Osteopathy – a system of medicine based on the principle that disturbances in the musculoskeletal system affect other body parts, causing many disorders that can be treated by various manipulative techniques in conjunction with conventional medical surgical, pharmacological and other therapeutic procedures. The manipulation of the body is gentle– stretches and small movements – designed to relax tight areas and help restore normal motion to stiff or “stuck” joints. Osteopathy is NOT Chiropractic. Although some of our treatments may look similar, they differ on many levels. Osteopathic treatment is very specific to your own individual condition.
What is the problem or cause of my pain? Somatic Dysfunction.
Somatic dysfunction is defined as altered motion or function of a joint or body part. It is not “out of place” or usually a “slipped or herniated disk”. It is much like a door that can’t completely open or close. It cannot be seen on current static X-rays, MRI’s or CT scans. It can restrict motion and/or cause pain and discomfort. It can be directly or indirectly related to trauma.
How can somatic dysfunction be treated?
Medication or surgery cannot correct somatic dysfunction.
Osteopathic Manipulative Treatment (OMT) is a gentle manipulative approach which works to:
Analogy: we can suture a cut and put the tissues back in place, but the wound is not better until healing occurs.
What should I expect to feel afterwards?
Because we are introducing movement into areas that were restricted, you may experience some pain as the tight muscles relax and blood flow increases. This may occur any time within the first week after treatment. If you experience pain, an increase in limberness may denote that it is a positive sign. The pain is a result of the muscles being stretched with the increased range of motion. If you experience pain and you feel that:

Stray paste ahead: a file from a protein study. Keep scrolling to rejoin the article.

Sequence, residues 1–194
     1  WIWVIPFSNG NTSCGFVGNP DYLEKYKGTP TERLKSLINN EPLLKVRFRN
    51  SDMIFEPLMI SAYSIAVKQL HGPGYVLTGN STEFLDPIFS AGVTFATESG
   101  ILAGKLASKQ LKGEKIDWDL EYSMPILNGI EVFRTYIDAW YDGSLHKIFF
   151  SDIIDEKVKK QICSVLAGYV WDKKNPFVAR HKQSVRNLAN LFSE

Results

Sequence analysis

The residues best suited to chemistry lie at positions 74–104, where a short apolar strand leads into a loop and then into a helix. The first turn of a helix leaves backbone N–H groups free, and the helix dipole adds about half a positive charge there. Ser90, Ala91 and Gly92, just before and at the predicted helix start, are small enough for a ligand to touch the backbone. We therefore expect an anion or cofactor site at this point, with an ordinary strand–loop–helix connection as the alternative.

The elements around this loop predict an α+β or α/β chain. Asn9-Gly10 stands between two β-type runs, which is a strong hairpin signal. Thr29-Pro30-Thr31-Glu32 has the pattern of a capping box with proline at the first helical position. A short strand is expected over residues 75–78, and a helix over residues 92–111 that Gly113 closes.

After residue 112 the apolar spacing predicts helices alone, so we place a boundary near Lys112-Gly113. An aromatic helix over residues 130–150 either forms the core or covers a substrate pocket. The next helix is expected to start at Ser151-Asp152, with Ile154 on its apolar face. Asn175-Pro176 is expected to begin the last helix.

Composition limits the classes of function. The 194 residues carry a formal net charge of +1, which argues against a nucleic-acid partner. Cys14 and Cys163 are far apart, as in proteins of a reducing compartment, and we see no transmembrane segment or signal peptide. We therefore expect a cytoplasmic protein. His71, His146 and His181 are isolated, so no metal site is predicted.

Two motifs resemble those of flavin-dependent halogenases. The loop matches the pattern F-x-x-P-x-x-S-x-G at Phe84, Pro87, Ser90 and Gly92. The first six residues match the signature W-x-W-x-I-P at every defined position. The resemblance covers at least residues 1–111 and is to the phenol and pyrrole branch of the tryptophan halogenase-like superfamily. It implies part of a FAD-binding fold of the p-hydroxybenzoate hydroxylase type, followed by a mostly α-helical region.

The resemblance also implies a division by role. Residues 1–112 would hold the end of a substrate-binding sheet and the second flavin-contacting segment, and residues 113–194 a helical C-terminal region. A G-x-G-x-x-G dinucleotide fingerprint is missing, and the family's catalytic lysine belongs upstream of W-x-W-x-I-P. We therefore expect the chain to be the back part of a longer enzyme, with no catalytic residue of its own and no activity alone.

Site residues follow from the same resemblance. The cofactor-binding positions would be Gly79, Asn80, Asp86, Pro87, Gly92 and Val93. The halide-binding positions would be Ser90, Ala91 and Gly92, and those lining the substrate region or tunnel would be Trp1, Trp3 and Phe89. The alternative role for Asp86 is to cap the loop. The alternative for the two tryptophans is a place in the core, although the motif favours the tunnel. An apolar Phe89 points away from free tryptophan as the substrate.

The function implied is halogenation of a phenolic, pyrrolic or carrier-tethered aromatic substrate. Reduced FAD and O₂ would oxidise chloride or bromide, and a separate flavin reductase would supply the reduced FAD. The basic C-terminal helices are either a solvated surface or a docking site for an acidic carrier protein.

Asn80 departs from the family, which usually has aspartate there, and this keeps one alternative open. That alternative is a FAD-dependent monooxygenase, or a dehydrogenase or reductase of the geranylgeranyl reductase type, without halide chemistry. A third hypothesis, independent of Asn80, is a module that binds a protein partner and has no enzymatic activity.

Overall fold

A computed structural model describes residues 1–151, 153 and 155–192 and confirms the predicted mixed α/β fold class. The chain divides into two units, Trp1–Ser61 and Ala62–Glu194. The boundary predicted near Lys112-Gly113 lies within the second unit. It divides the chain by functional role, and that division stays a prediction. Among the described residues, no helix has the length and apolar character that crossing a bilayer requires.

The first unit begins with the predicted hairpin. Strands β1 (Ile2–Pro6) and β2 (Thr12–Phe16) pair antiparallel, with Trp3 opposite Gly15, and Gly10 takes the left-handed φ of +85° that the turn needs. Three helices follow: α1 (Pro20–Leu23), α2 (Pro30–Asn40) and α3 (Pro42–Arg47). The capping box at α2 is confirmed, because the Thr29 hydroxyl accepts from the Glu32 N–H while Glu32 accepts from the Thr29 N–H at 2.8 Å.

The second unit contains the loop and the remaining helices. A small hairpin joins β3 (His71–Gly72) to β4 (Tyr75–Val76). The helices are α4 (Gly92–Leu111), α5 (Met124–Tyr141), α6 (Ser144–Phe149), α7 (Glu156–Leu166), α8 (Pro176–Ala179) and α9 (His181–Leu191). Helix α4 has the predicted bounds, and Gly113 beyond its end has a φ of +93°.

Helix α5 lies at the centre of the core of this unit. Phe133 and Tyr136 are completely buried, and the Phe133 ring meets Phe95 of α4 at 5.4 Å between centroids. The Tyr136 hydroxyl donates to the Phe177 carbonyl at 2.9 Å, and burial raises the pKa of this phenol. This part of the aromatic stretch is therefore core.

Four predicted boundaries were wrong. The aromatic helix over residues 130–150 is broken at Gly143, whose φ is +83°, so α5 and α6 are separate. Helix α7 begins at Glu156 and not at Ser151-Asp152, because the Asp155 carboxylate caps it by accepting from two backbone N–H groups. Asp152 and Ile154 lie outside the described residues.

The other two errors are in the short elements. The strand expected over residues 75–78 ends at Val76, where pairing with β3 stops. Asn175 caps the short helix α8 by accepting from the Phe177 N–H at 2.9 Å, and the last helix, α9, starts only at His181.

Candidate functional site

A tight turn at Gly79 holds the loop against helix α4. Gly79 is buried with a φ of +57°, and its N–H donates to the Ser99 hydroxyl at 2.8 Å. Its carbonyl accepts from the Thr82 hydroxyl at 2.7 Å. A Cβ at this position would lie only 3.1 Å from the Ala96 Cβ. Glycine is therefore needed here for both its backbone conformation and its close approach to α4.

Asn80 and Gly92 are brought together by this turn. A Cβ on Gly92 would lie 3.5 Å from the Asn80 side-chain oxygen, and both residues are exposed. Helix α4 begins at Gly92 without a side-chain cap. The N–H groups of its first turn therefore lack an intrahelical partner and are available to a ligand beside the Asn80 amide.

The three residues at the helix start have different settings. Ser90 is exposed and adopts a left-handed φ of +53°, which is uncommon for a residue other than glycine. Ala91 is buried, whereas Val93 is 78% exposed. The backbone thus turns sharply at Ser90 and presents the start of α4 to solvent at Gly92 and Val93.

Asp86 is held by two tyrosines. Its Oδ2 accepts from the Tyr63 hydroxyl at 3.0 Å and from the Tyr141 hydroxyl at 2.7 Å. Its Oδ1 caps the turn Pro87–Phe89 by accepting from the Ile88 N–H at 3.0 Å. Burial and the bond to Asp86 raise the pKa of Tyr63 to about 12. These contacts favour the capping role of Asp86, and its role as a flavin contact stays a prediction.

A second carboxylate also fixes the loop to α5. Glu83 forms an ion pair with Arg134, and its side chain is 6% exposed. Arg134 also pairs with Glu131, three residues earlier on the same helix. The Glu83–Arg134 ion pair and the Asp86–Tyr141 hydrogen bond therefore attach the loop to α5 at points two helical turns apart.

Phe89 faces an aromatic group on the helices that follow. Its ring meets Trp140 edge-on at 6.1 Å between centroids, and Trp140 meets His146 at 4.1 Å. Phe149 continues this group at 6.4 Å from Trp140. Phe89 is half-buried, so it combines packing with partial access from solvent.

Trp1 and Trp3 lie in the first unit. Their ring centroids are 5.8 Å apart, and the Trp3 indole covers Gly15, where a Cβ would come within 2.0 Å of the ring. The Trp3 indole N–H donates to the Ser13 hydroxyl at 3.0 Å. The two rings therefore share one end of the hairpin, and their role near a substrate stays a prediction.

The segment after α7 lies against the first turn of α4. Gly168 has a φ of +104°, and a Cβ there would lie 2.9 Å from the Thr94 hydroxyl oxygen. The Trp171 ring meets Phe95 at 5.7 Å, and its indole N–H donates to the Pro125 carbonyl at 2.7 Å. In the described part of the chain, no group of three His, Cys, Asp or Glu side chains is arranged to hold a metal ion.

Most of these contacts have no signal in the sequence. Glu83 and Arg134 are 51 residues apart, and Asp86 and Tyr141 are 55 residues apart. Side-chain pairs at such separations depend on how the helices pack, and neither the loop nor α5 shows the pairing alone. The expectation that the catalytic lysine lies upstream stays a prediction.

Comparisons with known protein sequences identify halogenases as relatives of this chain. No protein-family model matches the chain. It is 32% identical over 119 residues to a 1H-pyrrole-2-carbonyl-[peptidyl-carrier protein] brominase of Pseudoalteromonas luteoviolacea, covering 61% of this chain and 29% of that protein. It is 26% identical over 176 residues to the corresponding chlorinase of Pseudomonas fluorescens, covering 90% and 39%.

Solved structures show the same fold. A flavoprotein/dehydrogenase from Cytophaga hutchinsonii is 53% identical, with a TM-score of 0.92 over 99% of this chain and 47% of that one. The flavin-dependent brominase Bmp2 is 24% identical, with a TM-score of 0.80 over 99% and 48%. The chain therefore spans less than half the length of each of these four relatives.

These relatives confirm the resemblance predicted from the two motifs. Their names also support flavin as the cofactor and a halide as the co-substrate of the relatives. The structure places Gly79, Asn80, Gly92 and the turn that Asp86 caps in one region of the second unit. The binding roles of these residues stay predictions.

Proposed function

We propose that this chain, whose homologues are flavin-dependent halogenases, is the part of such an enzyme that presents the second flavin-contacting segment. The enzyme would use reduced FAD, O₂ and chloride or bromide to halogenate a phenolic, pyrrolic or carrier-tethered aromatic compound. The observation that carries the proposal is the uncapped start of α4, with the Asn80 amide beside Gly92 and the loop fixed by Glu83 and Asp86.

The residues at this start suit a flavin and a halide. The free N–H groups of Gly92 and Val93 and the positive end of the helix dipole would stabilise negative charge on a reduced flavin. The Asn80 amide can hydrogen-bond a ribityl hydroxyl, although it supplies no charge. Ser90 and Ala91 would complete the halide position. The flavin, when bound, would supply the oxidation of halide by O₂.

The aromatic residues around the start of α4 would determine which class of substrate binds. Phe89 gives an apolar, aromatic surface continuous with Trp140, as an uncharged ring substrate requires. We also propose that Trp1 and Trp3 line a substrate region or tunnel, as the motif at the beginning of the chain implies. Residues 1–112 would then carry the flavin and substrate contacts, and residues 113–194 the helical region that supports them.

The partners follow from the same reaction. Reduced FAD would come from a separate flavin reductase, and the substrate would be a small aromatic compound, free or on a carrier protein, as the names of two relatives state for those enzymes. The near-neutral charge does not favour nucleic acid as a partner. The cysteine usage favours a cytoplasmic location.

With chronic, long term problems, some estimate that it will take one month of treatment for each year the problem has been present.
Most people immediately feel better with OMT. Frequently the patient will see gradual improvement with treatment. Some patients will see no change in their pain symptoms until nearly all of their somatic dysfunction has been corrected. This may take a few visits, so please be patient with your body and your doctor as healing occurs.
Can OMT “turn back the clock”?
Many patients have experienced several injuries in their lifetime. Many times these old injuries never completely clear from the body’s tissues. The body continually has to expend energy to compensate for these injuries. This can show up as all over stiffness, feeling “off” or a feeling of “getting old”. Thus most patients are like an onion with multiple layers of injury. As the patient is treated, we often work through old injuries freeing the body to become healthier. When an old injury is approached, pain may increase but it is usually very similar to the pain experienced following the old injury (like a body memory). Once the layer is worked through with OMT, the patient will frequently state that they feel the best they have in years.